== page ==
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Life expectancy: Gap narrows between Irish men and women (but both are living longer than before)

The increase is attributed to reductions in major causes of death.

Image: Shutterstock/linerpics

IRISH PEOPLE ARE living longer and are healthier than they were at the end of the Celtic Tiger.

New data from the Department of Health reveals that the average life expectancy in Ireland is now 84 years for women and 80.4 years for men.

The figures relate to statistics from 2017 and are part of the latest edition of ‘Health in Ireland: Key Trends’. They compare with an average life expectancy of 82.1 years for women and 77.3 years for men in 2007.

The life expectancy gap between men and women has also narrowed from 4.8 years in 2007 to 3.6 years in 2017, and is now at its lowest since the 1950s.

The increase in life expectancy is attributed to significant reductions in major causes of death, such as circulatory system diseases and cancer.

The overall mortality rate has fallen by 10.5% since 2009, although provisional data for 2018 shows there was a 2.3% increase in the mortality rate from 2017.

This decrease is particularly strong for mortality rates from suicide, which has fallen by 38%, pneumonia, which has fallen by 37%, and stroke, which has fallen by 36%.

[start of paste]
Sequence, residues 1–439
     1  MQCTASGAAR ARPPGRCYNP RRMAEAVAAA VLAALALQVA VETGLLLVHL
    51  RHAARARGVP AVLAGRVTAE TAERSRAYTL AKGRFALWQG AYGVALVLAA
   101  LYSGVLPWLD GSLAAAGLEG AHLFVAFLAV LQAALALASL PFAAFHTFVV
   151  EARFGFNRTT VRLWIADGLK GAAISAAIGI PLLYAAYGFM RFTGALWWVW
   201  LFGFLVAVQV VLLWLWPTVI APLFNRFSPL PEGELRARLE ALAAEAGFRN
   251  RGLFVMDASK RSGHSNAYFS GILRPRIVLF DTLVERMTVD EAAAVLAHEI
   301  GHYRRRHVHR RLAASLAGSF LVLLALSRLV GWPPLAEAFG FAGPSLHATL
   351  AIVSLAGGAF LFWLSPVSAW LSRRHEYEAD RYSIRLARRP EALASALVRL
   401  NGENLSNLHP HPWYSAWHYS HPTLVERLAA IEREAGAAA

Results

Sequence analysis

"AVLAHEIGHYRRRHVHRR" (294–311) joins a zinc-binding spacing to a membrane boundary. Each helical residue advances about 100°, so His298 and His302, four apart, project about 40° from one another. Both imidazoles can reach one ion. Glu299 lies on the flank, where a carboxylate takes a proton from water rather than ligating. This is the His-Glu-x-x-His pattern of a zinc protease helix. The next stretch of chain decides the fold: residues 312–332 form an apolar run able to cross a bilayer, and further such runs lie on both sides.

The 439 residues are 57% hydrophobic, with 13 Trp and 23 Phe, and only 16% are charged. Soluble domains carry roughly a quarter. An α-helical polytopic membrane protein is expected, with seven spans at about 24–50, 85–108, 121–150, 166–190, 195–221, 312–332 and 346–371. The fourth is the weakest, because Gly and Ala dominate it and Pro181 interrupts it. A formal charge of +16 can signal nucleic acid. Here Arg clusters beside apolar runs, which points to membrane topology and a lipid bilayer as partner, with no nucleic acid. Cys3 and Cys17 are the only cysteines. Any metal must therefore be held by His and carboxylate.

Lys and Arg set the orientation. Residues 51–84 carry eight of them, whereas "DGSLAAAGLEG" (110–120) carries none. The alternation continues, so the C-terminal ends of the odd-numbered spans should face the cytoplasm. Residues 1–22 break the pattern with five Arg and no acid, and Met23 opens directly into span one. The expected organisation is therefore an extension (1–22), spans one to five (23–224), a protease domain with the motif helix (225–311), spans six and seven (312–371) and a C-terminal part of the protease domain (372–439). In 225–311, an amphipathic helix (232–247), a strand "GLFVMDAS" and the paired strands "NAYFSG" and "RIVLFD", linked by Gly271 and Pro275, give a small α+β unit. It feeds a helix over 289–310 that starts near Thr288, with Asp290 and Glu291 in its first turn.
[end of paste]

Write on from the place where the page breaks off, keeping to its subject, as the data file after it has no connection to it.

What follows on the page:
However, the report also reveals that men are more inclined to be overweight or obese and women are more likely to be physically inactive.

Nearly 70% of men are likely to be overweight or obese compared to around 57% of women while just over 62% of women are physically inactive compared to about 46% of men.

Minister for Health Simon Harris said the publication of the data gave the government an opportunity to reflect on the health status of the Irish population.

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“These reports help shape the way we plan our health service into the future. A striking feature is the growth in the number of people aged over 65,” he said.

“Each year this cohort increases by almost 20,000 people. This trend is set to continue and will have implications for future planning and health service delivery.”

Harris added that the expected growth in the number of people aged 65 and over would have implications for how Ireland funds its health services.

“This is a good thing – people are living longer, but we need to ensure they live well.”

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